Cambodia's UN-backed tribunal on Thursday indicted four former Khmer Rouge leaders for genocide, war crimes and crimes against humanity, including the regime's most senior surviving member.
"Brother Number Two" Nuon Chea, who served as deputy to Khmer Rouge founder Pol Pot, will stand trial alongside former foreign minister Ieng Sary, social affairs minister Ieng Thirith and head of state Khieu Samphan.
The court has decided to "send forward these four accused for trial", judge You Bunleng said at a press conference, before listing a long series of charges against the former top regime members, including torture, murder and rape.
|A tourist takes pictures of skulls at the Choeung Ek killing fields memorial near Phnom Penh in July 2010|
Led by "Brother Number One" Pol Pot, who died in 1998, the Marxist regime emptied the cities and abolished money and schools in the late 1970s in a bid to create an agrarian utopia, wiping out nearly a quarter of the country's population before they were ousted from the capital by Vietnamese forces.
The trial, expected in 2011, will be the court's second, following the sentencing of former prison chief Duch, real name Kaing Guek Eav, in July for war crimes and crimes against humanity.
The 67-year-old was given a jail term of 30 years for his role overseeing the executions of an estimated 15,000 men, women and children, but could walk free in 19 years given time already served, to the dismay of survivors.
The four newly indicted leaders have been in detention since their arrests in 2007 in connection with the regime's bloody rule over Cambodia from 1975-79, when up to two million people died from starvation, overwork or execution.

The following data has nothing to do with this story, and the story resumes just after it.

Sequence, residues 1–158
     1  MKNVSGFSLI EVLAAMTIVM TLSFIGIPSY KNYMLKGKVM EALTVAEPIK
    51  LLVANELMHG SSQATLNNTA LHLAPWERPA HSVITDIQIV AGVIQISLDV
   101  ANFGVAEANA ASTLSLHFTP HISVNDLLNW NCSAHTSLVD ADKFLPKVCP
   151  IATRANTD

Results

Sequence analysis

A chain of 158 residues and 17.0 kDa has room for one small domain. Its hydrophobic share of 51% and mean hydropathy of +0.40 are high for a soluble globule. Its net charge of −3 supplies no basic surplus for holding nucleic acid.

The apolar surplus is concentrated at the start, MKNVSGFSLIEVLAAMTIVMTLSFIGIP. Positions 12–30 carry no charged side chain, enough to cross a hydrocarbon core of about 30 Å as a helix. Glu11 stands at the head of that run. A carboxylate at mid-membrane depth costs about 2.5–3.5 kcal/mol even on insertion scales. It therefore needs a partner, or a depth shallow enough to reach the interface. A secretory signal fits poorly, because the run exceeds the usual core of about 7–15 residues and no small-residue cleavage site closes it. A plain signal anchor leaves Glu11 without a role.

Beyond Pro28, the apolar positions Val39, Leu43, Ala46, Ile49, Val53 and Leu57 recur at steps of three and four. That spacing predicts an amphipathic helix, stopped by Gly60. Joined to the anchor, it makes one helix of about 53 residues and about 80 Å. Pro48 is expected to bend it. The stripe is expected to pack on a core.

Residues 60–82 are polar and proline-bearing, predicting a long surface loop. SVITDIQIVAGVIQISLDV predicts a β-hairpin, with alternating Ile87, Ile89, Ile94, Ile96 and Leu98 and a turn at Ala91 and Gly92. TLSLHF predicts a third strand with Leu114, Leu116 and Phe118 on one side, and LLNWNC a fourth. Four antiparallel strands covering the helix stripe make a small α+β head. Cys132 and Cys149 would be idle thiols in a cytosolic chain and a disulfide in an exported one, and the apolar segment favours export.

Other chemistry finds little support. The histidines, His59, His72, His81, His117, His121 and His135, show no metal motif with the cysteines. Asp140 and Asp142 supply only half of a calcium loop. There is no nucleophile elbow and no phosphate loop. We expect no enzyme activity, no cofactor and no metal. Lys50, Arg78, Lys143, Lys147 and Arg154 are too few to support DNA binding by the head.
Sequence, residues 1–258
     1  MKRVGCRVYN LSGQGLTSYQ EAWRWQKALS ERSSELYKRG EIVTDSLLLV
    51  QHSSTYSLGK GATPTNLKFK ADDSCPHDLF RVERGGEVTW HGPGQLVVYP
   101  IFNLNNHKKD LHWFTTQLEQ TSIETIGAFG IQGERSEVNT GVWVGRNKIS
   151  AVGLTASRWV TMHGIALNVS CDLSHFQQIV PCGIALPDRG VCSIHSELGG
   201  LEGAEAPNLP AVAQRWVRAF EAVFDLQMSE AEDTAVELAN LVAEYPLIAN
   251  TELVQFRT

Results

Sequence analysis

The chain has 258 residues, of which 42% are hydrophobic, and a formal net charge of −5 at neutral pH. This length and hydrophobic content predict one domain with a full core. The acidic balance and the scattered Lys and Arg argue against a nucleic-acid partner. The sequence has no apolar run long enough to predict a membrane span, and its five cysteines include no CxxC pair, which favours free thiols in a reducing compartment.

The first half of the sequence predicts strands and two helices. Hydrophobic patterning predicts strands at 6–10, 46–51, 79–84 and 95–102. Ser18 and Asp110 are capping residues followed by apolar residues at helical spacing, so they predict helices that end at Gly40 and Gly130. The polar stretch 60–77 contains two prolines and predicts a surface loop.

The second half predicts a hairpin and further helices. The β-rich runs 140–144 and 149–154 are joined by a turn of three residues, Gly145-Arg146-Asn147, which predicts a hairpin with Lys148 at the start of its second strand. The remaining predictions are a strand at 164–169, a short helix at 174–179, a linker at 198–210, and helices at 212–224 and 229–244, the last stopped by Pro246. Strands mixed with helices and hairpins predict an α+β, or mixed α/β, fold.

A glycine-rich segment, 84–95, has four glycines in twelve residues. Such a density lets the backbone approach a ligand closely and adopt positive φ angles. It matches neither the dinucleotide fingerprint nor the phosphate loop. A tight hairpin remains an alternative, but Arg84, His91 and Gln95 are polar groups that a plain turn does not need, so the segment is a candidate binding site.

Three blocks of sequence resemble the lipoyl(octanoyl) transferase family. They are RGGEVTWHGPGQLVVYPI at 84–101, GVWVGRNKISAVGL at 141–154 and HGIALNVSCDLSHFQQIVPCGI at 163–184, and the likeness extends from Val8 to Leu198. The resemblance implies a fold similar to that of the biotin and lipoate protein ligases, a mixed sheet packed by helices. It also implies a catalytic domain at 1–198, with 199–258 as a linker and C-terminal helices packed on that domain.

The genocide charges relate specifically to the deaths of Vietnamese people and ethnic Cham Muslims under the regime.
Estimates for the number of Chams who died under the Khmer Rouge range from 100,000 to 400,000, but it is not known how many Vietnamese were killed.
The upcoming trial is expected to be a lengthy and complex one with all four of the former top Khmer Rouge figures disputing the charges against them.
However, in the 2009 documentary "Enemies of the People", Nuon Chea -- the movement's chief ideologue -- admits the regime killed so-called "traitors" if they could not be "re-educated" or "corrected".
"These people were categorised as criminals.... They were killed and destroyed. If we had let them live, the party line would have been hijacked. They were enemies of the people," said Nuon Chea, now 84.
Ieng Sary, or "Brother Number Three", acted as the public face of the secretive regime. Since his arrest by the UN tribunal, the 84-year-old's health has deteriorated significantly.
His wife, Ieng Thirith, now 78, is the first woman to face charges by the Extraordinary Chambers in the Courts of Cambodia.
Sometimes described as the "First Lady" of the Khmer Rouge, she acted as social affairs minister and is held responsible by some researchers for the regime's drastic re-ordering of traditional Cambodian life.
She blames Nuon Chea for the crimes committed by the hardline communist government, and surprised the tribunal last year with a furious outburst in which she told members of the court that they would be "cursed to the seventh circle of hell."
The final defendant Khieu Samphan, 79, served as head of state and was one of the reclusive regime's few diplomats who had contact with the outside world.
The tribunal may be the last chance to find justice for victims of the Khmer Rouge, since many its top figures are now either dead or in ailing health.
The war crimes court opened in 2006 after nearly a decade of wrangling between the UN and Cambodia, but it has been hit by allegations of political interference and corruption.
The court is investigating whether to open more cases against five other former Khmer Rouge cadres.
Prime Minister Hun Sen has already made it clear he is not in favour of pursuing more suspects from the regime, saying further trials could drive the country back to civil war.